After obtaining defendant's statement, the police sought the professional opinions of certain fire investigators with reference to the cause of the fire at Gulliver's. After ascertaining that the fire could not have started in the manner described in defendant's statement, Detective Solomon resumed his questioning of defendant with reference to Gulliver's. Defendant ultimately admitted that he had intentionally started the fire in an attempt to cover up his burglary. Upon further questioning by the police, defendant admitted that he had stuffed some stationery paper, which he had obtained from the front desk of the bowling alley, into a toy box in the nursery section of the bowling alley. He then apparently ignited it. Defendant explained that he had not revealed this previously since he feared that the police would conclude that he had intentionally started a fire in order to "kill those people that were in Gulliver's".

Although defendant made no specific claim that he was in police custody all this while, we find that given the content of defendant's 1:45 p.m. statement, the general nature of the investigation, and, in particular, the direction in which it was proceeding from that point "it is beyond belief that he was free to leave the questioning officers after that time" (People v Leonard, supra, at p 14).

It is well settled that once an attorney has entered a proceeding on behalf of an accused, the police may not question the accused in the absence of counsel without an affirmative waiver, in the attorney's presence, of the right to counsel (see, People v Arthur, 22 N.Y.2d 325, 329; see also, People v Settles, 46 N.Y.2d 154; People v Ramos, 40 N.Y.2d 610; People v Hobson, 39 N.Y.2d 479). In People v Rogers (48 N.Y.2d 167, supra), the Court of Appeals extended the Arthur rule by declaring that if a defendant who is in custody is represented by an attorney on any pending criminal charge, he cannot effectively waive his right to counsel unless counsel is present. The court therein declared "once a defendant is represented by an attorney, the police may not elicit from him any statement, except those necessary for processing or his physical needs" (people v Rogers, supra, at p 173).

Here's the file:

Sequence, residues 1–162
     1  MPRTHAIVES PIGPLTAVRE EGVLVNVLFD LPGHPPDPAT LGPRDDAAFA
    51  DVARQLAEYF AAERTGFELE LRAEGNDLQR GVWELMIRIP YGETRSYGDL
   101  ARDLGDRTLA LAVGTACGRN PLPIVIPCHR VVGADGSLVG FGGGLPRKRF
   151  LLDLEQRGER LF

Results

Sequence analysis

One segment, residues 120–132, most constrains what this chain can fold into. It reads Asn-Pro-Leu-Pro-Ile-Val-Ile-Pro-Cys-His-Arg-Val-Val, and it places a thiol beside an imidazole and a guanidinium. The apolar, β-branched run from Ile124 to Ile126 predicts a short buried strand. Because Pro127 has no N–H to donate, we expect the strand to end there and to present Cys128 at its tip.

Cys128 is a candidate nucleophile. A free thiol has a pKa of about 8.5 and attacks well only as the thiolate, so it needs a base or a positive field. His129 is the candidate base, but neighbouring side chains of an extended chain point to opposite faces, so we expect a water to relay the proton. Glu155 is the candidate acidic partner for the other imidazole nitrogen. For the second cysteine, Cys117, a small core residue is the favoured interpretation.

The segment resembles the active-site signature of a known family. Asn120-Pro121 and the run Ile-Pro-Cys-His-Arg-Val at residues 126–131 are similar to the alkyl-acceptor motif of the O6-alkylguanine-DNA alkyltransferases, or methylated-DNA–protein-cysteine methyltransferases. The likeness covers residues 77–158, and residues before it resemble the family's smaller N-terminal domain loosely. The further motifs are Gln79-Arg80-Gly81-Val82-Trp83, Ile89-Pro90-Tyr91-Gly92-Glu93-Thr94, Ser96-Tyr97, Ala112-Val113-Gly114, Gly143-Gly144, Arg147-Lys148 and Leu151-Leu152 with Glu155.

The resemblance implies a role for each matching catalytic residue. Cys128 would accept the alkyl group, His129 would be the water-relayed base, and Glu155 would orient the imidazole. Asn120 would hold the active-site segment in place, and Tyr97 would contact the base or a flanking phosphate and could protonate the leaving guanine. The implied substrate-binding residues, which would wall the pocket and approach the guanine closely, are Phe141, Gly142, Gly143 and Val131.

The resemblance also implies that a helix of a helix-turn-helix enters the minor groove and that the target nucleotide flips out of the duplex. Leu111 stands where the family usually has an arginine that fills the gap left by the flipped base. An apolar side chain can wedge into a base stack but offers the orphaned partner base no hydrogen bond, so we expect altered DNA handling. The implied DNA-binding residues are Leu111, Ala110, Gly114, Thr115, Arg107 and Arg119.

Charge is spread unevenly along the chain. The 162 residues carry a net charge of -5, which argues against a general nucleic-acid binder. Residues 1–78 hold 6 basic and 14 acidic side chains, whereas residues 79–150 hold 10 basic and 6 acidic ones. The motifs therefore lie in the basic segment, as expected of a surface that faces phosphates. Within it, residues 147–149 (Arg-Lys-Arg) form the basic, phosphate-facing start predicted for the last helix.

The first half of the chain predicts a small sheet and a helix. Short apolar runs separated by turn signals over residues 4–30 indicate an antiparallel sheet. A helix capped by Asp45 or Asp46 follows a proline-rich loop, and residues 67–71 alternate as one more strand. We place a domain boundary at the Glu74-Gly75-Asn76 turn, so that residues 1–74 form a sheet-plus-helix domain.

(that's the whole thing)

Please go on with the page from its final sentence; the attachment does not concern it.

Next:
In People v Bartolomeo (53 N.Y.2d 225, 231-232, supra), the Court of Appeals further extended the right to counsel rule by holding that the police, under certain circumstances, would be charged with constructive notice of representation on an unrelated charge. More specifically, the majority proclaimed that where the police had actual knowledge that a defendant being questioned had recently been arrested on another charge, they bore an obligation to inquire whether that defendant was represented by counsel with respect to that charge. Should they fail to conduct such an inquiry, the police would nevertheless be chargeable with what such an inquiry would have disclosed.

More recently, the Court of Appeals has held that application of the Rogers-Bartolomeo rule is limited to custodial interrogations (People v Bertolo, 65 N.Y.2d 111, 116). "By contrast, eliciting inculpatory statements from a suspect under non-custodial circumstances 'involves no violation of [the] right to counsel even [where] the police are aware that [the suspect] has counsel on a prior unrelated charge'" (People v Bertolo, supra, at p 116). Inasmuch as we find that the inculpatory statements made by defendant prior to 1:45 p.m. on July 11, 1974 were not the product of custodial interrogation, we find no reason to warrant their suppression. Unfortunately, existing circumstances mandate a different result with respect to the post-1:45 p.m. statements.